Curt Jacob Stern studied radiation and chromosomes in humans and fruit flies in the United States during the twentieth century. He researched the mechanisms of inheritance and of mitosis, or the process in which the chromosomes in the nucleus of a single cell, called the parent cell, split into identical sets and yield two cells, called daughter cells. Stern worked on the Drosophila melanogaster fruit fly, and he provided early evidence that chromosomes exchange genetic material during cellular reproduction. During World War II, he provided evidence for the harmful effects of radiation on developing organisms. That research showed that mutations can cause problems in developing fetuses and can lead to cancer. He helped explain how genetic material transmits from parent to progeny, and how it functions in developing organisms.

Barbara McClintock conducted experiments on corn (Zea mays) in the United States in the mid-twentieth century to study the structure and function of the chromosomes in the cells. McClintock researched how genes combined in corn and proposed mechanisms for how those interactions are regulated. McClintock received the Nobel Prize in Physiology or Medicine in 1983, the first woman to win the prize without sharing it. McClintock won the award for her introduction of the concept of transposons, also called jumping genes. McClintock conceptualized some genetic material as not static in structure and order, but as subject to re-arrangement and may be altered during development.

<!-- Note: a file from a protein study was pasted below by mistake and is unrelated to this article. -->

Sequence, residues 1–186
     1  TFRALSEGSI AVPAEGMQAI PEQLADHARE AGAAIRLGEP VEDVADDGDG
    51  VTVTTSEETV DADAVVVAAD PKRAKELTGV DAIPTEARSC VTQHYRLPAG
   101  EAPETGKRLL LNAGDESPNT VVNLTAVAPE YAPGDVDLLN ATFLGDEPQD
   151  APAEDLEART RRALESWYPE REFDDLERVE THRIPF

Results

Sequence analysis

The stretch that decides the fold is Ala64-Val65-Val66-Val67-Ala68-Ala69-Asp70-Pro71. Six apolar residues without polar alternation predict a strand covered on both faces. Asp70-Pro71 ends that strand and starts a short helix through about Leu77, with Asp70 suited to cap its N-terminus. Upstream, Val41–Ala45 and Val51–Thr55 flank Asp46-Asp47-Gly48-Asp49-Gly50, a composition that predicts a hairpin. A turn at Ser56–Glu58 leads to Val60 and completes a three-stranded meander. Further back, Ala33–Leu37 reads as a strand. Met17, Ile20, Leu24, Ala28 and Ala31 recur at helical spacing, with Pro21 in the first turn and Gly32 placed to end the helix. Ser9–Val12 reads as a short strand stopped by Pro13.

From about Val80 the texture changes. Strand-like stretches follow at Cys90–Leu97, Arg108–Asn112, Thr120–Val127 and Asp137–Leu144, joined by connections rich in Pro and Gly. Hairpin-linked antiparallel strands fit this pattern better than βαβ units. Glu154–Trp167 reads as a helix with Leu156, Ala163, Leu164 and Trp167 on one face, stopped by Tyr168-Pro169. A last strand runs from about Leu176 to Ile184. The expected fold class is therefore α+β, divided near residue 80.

Calvin Blackman Bridges studied chromosomes and heredity in the US throughout the early twentieth century. Bridges performed research with Thomas Hunt Morgan at Columbia University in New York City, New York, and at the California Institute of Technology in Pasadena, California. Bridges and Morgan studied heredity in Drosophila, the common fruit fly. Throughout the early twentieth century, researchers were gathering evidence that genes, or what Gregor Mendel had called the factors that control heredity, are located on chromosomes. At Columbia, Morgan disputed the theory, but in 1916, Calvin Bridges published evidence that, according to Morgan, did much to convince skeptics of that theory. Bridges also established that specific chromosomes function in determining sex in Drosophila.

Alfred Henry Sturtevant studied heredity in fruit flies in the US throughout the twentieth century. From 1910 to 1928, Sturtevant worked in Thomas Hunt Morgan’s research lab in New York City, New York. Sturtevant, Morgan, and other researchers established that chromosomes play a role in the inheritance of traits. In 1913, as an undergraduate, Sturtevant created one of the earliest genetic maps of a fruit fly chromosome, which showed the relative positions of genes along the chromosome. At the California Institute of Technology in Pasadena, California, he later created one of the first fate maps, which tracks embryonic cells throughout their development into an adult organism. Sturtevant’s contributions helped scientists explain genetic and cellular processes that affect early organismal development.

From 1913 to 1916, Calvin Bridges performed experiments that indicated genes are found on chromosomes. His experiments were a part of his doctoral thesis advised by Thomas Hunt Morgan in New York, New York. In his experiments, Bridges studied Drosophila, the common fruit fly, and by doing so showed that a process called nondisjunction caused chromosomes, under some circumstances, to fail to separate when forming sperm and egg cells. Nondisjunction, as described by Bridges, caused sperm or egg cells to contain abnormal amounts of chromosomes. In some cases, that caused the offspring produced by the sperm or eggs to display traits that they would typically not have. His research on nondisjunction provided evidence that chromosomes carry genetic traits, including those that determine the sex of an organism.